March 2, 2021

MS in Translation & Interpreting Faculty Spotlight: Elizabeth Lowe

Q: How did you get into translation?

A: I was initiated into the world of translation by my mentor, Professor Gregory Rabassa, who established the Ph.D. program in translation (Comparative Literature with a specialization in literary translation) at The City University of New York in the late 1970s. Rabassa was a hands-on teacher and he encouraged me and my fellow students to immediately begin to translate and publish our work. Since my area of focus is Brazilian literature, I was able to make connections with writers in Brazil who at the time were not internationally known, including Clarice Lispector, Rubem Fonseca, Nélida Piñon and others. I traveled to Brazil many times during my graduate studies and did my dissertation research there with the assistance of a grant from the Organization of American States. The authors I worked with also became the subjects of my dissertation, which I published under the title “The City in Brazilian Literature” (1982). The rest is history, and I continue to translate the authors from that period as well as rising authors, the grand children of the generation I started with, who represent new trends in Brazilian literature. I also spent many years living and teaching in Colombia and I have translated Spanish language authors, as well as Lusophone writers from Portugal and Africa.

Q: What was the journey of discovering your most recent work, The Last Twist of the Knife by João Almino? What were the next steps into its translation and publication?

A: I first met João Almino when I was Director of the Center for Translation Studies at the University of Illinois at Urbana-Champaign (2008-2015). At the time he was Consul General of Brazil in Chicago. (Today he serves as Brazilian Ambassador to Ecuador). We interacted on a number of occasions, including collaboration on arranging for Brazilian authors to visit the University. In those years, some of his earlier work was published by Dalkey Archive Press, an independent literary press associated with the UIUC program in Translation Studies. The publisher of the Press, the late John O’Brien, invited me to translate Almino’s latest novel, The Last Twist of the Knife (Entre facas, algodão). I started the project in 2019 and worked closely with the author on the translation. The English title, suggested by the author, comes from the T.S. Eliot poem, “Rhapsody on a Windy Night,” which ends with these lines:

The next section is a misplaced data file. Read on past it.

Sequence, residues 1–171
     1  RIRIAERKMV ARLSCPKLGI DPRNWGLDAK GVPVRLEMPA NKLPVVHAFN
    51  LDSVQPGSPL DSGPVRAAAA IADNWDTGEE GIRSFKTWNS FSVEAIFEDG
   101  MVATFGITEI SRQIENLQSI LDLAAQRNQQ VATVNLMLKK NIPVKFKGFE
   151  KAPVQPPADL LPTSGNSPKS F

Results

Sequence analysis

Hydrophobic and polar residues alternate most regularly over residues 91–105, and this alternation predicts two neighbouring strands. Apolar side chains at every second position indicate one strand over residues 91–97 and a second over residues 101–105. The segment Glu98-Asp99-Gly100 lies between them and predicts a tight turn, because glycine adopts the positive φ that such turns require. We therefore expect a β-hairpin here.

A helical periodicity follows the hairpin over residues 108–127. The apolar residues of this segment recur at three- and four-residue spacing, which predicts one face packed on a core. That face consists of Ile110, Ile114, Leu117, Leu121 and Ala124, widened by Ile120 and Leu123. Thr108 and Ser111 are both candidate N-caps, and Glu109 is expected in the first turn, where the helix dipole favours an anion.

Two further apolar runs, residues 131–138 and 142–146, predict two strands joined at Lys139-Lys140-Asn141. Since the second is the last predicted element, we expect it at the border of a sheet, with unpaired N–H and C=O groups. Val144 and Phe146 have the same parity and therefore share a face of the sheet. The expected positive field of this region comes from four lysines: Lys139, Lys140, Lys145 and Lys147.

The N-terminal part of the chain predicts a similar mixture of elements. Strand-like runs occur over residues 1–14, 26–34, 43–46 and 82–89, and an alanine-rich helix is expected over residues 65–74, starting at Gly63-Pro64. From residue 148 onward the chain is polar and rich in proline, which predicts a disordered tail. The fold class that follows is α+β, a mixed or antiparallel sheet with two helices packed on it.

You have the key,

The little lamp spreads a ring on the stair,


The bed is open; the tooth-brush hangs on the wall,

Put your shoes at the door, sleep, prepare for life.

The last twist of the knife.

Q: Between teaching and working, what does a regular day look like for you?

A: I am a morning person, so I get right to work at around 8 am. My routine is to attend to teaching matters first. After I have finished lesson preparation, grading, answering student questions, and correspondence with colleagues, I move on to my translation projects. I am presently working on a trio of novels by the Portuguese writer, António Lobo Antunes, who writes about his experiences as a medic in Angola during the war of independence, and the country’s subsequent struggles in a civil war among former anti-colonial guerrilla movements. I plan time each day to walk, practice yoga, and work in my garden. I am an avid reader and I enjoy reading in my leisure time.

Q: Do you have any advice for MSTI grads?  

A: I recommend finding a niche within the field of translation that matches your interests and skills. It takes time to do this and to become really good at it. Persist and pursue excellence, build professional and personal networks, and most  importantly, enjoy what you do. Translation can be a lifelong profession; if you love what you do, it won’t seem like work!

Q: Anything else you’d like to share?

A: This has been a challenging time for the world. I commend all of our students for pursuing their studies under difficult circumstances while managing work and family obligations. Pursuing a graduate degree in even the best of times requires hard work and sacrifice, and much more so during this pandemic. It also brings great rewards, and I trust that the MS in Translation and Interpreting (MSTI) education will bring our graduates many dividends in the future.

Elizabeth Lowe is a translator, scholar, teacher and writer. She is the founding director of the Center for Translation Studies at the University of Illinois and also spent part of her career at the University of Florida. She is translation editor for Kenyon Review and on the editorial boards of Review: Literature and Arts of the Americas and Cadernos de Tradução. She is a member of the PEN Translation Committee.

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